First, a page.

There are very many good things about living in the United States of America. One of the good things is that because of its sheer size and the diversity of the population, there are all sorts of interesting local customs. It’s one of the things that I like best about travel – learning about fun and unique customs that you would never see in your home town.
I remember thinking about the size and diversity of the USA when we traveled in Europe. People are always talking about how cool it is that they drive small, gas-efficient cars in Europe. WELL OF COURSE THEY DO. Driving through France is like driving through Colorado. Well, maybe Texas. But I’m trying to make a point here. Try driving from Arizona to New Jersey in a car the size of a washing machine. No fun.
Anyway, I’m getting off on a tangent, because I really want to focus on the local customs. And in particular, the local customs in Vermont.
Our daughter Heather and her family live in Montpelier, Vermont. As we have been enjoying our lovely warm weather here in Arizona, they have been experiencing a typical New England winter – in some ways maybe not even as bitter as some, at least in Montpelier. We never fail to point out our lovely weather when we talk to them. If we are using Facetime, Bill will very often show them our sunshine and flowers. They are not amused. Particularly last week when they were hunkered down for an expected 22 inches of snow.
Lauren grew up in Vermont. She and Heather connected up in New York City, lived there for a bit, but decided the small town life was what they wanted once they began their family. While Heather was born and grew up in Denver, she is a small town girl at heart. So Montpelier is perfect for both of them.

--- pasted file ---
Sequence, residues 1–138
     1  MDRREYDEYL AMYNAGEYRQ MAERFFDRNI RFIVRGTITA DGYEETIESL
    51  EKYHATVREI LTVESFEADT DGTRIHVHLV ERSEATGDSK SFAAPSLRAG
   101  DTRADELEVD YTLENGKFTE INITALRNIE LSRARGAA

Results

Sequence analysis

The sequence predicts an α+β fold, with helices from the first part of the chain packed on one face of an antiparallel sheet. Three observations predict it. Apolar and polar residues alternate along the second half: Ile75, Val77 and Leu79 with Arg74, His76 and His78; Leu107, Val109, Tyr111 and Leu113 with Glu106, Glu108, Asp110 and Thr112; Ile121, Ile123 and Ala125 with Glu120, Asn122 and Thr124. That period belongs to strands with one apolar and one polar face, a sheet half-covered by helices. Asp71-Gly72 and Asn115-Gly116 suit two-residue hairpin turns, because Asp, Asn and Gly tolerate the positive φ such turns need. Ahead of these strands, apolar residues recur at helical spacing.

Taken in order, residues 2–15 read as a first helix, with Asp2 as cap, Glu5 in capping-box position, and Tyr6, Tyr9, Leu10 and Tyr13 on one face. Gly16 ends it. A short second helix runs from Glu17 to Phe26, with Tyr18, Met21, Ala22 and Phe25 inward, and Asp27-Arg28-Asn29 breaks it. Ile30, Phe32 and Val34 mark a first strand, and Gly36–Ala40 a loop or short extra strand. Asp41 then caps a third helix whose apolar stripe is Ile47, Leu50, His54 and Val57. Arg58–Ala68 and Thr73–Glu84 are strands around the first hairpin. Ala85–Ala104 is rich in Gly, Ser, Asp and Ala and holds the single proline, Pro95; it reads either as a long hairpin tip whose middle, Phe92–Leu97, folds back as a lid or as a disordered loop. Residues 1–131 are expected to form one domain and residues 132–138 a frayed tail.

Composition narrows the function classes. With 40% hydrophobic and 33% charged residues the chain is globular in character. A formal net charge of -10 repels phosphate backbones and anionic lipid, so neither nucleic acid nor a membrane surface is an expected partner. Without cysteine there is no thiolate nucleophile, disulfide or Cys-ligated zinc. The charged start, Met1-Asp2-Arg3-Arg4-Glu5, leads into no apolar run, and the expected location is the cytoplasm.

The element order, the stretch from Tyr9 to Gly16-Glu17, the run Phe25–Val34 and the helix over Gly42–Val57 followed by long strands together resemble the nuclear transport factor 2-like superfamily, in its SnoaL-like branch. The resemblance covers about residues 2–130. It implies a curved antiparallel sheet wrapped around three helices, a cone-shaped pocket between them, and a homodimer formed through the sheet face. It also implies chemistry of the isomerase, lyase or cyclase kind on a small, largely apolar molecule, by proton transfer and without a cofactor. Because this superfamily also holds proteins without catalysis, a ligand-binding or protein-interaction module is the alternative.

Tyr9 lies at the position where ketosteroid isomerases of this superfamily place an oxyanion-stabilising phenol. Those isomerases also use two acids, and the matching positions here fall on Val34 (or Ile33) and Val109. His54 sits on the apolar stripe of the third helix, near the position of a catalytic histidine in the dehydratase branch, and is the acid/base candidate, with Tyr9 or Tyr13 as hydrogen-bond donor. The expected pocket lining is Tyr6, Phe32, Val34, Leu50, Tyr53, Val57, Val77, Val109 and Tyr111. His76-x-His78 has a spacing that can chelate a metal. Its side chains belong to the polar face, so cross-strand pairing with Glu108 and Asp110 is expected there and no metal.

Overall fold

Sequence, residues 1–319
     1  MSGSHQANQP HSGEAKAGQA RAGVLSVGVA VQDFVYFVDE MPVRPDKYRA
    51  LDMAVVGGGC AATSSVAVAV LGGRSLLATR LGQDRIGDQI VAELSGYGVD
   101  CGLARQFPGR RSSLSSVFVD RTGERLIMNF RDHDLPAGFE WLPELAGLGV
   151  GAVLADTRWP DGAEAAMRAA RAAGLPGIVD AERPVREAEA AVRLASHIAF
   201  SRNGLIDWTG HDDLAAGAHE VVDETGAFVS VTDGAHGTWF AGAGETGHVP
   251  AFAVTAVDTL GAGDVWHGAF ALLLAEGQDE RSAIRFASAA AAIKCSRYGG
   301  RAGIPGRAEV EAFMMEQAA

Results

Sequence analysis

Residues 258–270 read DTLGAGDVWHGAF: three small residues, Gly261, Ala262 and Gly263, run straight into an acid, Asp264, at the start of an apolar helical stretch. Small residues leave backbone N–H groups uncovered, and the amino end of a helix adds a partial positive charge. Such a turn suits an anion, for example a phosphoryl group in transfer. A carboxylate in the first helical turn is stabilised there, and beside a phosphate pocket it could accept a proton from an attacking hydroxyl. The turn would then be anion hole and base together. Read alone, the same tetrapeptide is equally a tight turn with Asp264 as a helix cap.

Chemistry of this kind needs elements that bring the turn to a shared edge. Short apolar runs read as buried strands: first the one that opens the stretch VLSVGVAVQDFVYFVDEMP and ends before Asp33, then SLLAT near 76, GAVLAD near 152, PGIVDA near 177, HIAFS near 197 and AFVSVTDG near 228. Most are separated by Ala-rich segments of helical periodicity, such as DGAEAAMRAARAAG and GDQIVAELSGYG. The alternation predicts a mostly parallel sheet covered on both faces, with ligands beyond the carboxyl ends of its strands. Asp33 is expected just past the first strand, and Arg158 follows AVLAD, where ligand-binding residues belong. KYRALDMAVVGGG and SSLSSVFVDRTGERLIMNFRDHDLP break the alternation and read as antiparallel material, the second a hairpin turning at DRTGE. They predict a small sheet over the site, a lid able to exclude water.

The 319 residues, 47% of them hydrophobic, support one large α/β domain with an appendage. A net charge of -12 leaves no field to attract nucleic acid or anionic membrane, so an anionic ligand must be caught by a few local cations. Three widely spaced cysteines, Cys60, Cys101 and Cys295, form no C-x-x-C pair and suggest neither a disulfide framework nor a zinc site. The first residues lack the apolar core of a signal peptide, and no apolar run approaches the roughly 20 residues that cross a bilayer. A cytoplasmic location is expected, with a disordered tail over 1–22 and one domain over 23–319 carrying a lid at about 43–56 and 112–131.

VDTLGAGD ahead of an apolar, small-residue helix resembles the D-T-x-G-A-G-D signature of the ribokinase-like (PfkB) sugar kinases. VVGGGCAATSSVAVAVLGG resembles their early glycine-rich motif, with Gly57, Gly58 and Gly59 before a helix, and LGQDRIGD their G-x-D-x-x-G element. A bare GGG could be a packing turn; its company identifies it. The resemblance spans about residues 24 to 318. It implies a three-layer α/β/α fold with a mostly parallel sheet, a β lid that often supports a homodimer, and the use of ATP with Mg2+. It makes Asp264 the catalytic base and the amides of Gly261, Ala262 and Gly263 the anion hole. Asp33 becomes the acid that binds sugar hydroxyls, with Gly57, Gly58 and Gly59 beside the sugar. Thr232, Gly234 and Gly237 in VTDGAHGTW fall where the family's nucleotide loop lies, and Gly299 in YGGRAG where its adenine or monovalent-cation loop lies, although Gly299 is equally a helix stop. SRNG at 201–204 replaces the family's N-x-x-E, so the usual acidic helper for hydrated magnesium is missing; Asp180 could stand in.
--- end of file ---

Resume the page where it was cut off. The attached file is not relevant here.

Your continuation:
Montpelier is an amazing community. There are only about 7,700 folks living there, despite the fact that it is the state’s capital. It is not unheard of to go for a walk and go from one end of town to the other. And it is a typical New England town. There are red, white, and blue buntings on the front porches, under which sit the home’s inhabitants reading a book. They will stop and wave to you whether they know you or not. If it wasn’t for the 22 inches of snow and the fact that I can’t get cell service, I would live there. Well, probably not, but it is a pretty town.
Vermont, as you likely know, is about all things maple. Now I am not particularly a fan of the maple flavor, unless it’s syrup on my pancakes (and then it’s really about the butter). But I will tell you that when we visited them last summer and I tasted my first
maple creemee, well my life changed forever. That, with a side of an apple donut, is heaven on earth. Despite my alleged ambivalence to maple, I ate me my share of maple creemees. I want one now.
When we were talking to them last week, our 4-year-old grandson Joseph mentioned they had eaten sugar-on-snow the weekend before. I assumed that was what Addie calls “Snow-Made Ice Cream” and mentioned that to Joseph.
Oh no, I was told. Sugar-on-snow has nothing to do with ice cream.
Here’s what I learned: in spring, when the days start getting warm but the nights are still cold, maple farmers begin tapping their trees as the sap begins to run. Vermonters – always looking for a way to celebrate maple – begin holding or attending sugar-on-snow parties or events. At these parties, the sap is brought to a boil. It is then poured
onto clean snow that has been collected for the express purpose of having the sap poured onto it. As the sap cools, it can be lifted onto a stick or fork and eaten. As it continues to cool, it hardens more and more. According to Lauren, the tradition is to serve the sugar-on-snow along with donuts (presumably the delicious apple donuts) and a dill pickle. The pickle is supposed to cut the sweetness of the maple taffy. I’m not sure what the purpose of the donut is except how can you go wrong serving a donut with anything?
I love that Joseph and his brother Micah are growing up learning their small-town traditions.